Bewildered, hallmates wake up and leave their rooms to the piercing sound of fire alarms. They make their way their halls and out into the frigid November air.

Standing there is a group of sleepy men and women brought together from many different backgrounds, standing cold in their pajamas ? all of them angry and waiting for the fire alarm to stop ringing.

All of these people have one thing in common ? they are all freshmen. They all live in the same dorm, they were all woken up by the same fire alarm and they will all remember this experience.

In last week’s CT, some student leaders criticized the effects of freshman housing for reducing participation in some student groups. Some student leaders claim the this policy, which has put all of the class of 2005 within a three-minute walk of one another, has made it harder for them to get information to freshman.

They say that there are no upperclassmen on the quad, and then claim that this alienates the freshmen from various groups that freshmen would have come into contact with in the past. These complaints all come from upperclassman.

The freshman class has no trouble speaking for itself. We are intelligent, motivated, active on campus and cohesive. Much of this cohesiveness comes from experiences such as late night fire drills or playing wiffleball with our halls or the other crazy antics that occur during the year on a freshman hallway.

Bringing the class of 2005 together in the quad has already accomplished its goal of developing a sense of community and camaraderie. The quad has become a special place, not only for this new class but also for every class of the future.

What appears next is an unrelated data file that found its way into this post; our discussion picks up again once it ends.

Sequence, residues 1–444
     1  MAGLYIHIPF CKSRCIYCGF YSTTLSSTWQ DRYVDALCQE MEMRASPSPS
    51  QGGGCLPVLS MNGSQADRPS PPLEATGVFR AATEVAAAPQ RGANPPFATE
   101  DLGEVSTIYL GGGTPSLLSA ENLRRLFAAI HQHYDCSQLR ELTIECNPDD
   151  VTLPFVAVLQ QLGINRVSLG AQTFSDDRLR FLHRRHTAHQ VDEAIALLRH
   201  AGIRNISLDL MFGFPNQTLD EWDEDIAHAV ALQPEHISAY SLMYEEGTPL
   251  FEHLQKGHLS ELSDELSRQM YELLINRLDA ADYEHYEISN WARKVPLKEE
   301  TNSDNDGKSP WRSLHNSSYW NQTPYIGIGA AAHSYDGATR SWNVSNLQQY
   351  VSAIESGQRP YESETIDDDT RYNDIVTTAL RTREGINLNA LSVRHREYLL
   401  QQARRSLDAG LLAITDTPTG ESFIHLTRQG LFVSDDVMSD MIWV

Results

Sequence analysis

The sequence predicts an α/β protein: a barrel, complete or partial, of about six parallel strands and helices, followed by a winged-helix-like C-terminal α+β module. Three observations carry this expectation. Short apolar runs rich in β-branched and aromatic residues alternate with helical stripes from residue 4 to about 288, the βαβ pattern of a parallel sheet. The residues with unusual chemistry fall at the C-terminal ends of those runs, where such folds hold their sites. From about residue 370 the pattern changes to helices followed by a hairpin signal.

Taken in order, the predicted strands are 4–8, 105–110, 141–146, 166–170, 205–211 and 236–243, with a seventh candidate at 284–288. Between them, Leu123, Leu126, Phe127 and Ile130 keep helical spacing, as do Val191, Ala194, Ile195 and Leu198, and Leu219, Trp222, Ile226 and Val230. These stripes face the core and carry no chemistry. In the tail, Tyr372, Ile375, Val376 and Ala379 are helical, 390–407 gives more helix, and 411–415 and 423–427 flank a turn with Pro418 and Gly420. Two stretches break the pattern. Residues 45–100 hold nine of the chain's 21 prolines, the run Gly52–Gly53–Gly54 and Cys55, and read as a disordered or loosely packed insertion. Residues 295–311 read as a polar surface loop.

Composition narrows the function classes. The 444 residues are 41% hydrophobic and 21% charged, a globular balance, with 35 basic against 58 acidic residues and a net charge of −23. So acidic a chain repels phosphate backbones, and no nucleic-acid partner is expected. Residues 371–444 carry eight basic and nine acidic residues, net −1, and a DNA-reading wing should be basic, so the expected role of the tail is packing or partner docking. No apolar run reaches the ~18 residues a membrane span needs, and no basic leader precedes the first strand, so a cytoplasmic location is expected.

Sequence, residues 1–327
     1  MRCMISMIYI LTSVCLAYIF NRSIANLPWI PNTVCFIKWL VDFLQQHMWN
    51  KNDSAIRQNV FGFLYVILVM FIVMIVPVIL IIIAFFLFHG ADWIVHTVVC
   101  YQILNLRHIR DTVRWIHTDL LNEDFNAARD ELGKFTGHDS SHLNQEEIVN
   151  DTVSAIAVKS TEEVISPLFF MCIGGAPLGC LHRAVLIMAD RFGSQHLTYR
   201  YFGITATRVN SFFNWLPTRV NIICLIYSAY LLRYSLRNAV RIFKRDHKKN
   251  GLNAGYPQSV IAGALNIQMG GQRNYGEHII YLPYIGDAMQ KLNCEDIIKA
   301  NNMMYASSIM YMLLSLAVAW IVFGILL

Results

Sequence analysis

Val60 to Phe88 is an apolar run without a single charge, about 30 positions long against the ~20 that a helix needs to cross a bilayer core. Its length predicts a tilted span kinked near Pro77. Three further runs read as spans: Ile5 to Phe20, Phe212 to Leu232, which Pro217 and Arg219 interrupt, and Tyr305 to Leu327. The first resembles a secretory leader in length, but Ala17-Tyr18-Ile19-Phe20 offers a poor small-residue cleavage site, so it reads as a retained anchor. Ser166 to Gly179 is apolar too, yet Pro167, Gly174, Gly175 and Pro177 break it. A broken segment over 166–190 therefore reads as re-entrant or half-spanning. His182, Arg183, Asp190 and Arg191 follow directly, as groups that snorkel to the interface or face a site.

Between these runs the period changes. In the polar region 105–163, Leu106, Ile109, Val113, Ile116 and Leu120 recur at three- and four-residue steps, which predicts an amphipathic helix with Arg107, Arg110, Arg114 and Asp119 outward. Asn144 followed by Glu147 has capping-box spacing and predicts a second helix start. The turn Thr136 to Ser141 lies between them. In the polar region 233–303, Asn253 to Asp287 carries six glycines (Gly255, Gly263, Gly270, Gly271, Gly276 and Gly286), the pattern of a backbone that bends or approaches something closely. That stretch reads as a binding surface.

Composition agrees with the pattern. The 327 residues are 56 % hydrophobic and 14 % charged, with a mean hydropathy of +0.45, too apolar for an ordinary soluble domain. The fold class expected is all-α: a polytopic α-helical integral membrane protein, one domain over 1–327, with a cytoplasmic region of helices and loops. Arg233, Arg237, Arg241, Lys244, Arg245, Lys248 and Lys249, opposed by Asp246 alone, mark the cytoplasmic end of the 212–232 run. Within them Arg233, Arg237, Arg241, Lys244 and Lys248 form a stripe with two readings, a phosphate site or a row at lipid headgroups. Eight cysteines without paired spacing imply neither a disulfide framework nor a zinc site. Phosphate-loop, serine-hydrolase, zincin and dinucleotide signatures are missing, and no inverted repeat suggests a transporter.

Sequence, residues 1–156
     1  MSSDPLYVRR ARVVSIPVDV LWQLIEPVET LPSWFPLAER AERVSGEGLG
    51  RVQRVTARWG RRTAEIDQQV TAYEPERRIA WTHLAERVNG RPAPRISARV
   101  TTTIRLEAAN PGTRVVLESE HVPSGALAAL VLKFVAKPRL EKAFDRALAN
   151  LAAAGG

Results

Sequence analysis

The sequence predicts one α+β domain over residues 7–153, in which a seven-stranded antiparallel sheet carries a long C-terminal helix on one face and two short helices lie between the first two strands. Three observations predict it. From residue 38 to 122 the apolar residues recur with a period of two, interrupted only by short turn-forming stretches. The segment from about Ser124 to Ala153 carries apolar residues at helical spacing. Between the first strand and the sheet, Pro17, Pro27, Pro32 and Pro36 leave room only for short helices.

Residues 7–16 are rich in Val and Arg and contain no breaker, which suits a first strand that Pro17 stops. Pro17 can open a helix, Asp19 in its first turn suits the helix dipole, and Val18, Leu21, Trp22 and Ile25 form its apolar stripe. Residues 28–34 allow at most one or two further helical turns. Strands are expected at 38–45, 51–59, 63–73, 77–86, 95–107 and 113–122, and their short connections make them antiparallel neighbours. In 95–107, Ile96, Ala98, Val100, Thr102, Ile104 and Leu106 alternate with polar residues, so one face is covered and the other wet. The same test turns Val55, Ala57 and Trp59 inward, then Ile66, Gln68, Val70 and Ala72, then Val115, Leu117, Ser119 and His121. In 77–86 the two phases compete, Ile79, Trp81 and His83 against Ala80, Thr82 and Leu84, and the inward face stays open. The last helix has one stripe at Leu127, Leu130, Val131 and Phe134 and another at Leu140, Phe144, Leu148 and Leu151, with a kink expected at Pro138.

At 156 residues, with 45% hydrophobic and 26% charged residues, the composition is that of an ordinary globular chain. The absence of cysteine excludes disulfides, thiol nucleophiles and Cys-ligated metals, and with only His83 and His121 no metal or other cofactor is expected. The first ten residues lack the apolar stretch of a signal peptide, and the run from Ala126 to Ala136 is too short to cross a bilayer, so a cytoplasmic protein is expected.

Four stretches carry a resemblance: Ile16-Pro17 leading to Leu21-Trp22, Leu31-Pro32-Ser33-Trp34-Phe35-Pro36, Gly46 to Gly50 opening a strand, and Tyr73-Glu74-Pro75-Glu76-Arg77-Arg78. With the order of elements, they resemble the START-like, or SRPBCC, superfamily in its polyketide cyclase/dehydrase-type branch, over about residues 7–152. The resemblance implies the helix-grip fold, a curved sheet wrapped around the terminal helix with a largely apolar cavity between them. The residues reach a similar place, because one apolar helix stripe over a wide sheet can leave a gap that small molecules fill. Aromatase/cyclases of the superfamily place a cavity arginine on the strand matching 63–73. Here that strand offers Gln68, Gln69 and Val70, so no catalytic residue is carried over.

The quad does not lack upperclass leadership at all. The quad is filled with upperclass Residential Assistants and D’lions who spend a lot of time advertising for various student groups as well as interacting with freshmen. In addition, many freshmen have assumed class leadership roles.

Due to the vision of Students’ Association President John LaBoda and the support of the Freshmen Advisory Committee, we have the Freshmen Class Council. This is a group of elected and non-elected individuals who are motivated and involved on campus.

This governing council has set out to create a sense of community through social events, and it has plans of to build a freshman commons with a TV and a coffee shop. The claim that freshman are hard to find is outrageous.

Keith Rosenberg, a freshman from the fourth floor of Gilbert, says, “If any group wants to reach freshmen it wouldn’t be hard because we are all so close together.”

If a student group is worried about freshman motivation and participation in groups, then people in these groups can easily turn to the RAs, D’lions, and the FCC. If student groups need help recruiting or informing freshmen, these channels are great ways to get to freshmen.

At an institution as committed to scholarship as the UR, it is asinine to attack the effects of freshmen housing without asking a single freshman what he or she thinks.

The quad has helped to develop a common bond between all freshmen. Whether you are walking down the hall in Gilbert 4 or Lovejoy Basement you can knock on any door and the door will probably be opened by some student frustrated by their pre-med requirements.

Or, if you’re lucky, the door will be opened by a happy student who is enjoying his experience at the university. But, in either case, the face will be the face of a freshman.

Francis is a freshman and can be reached at

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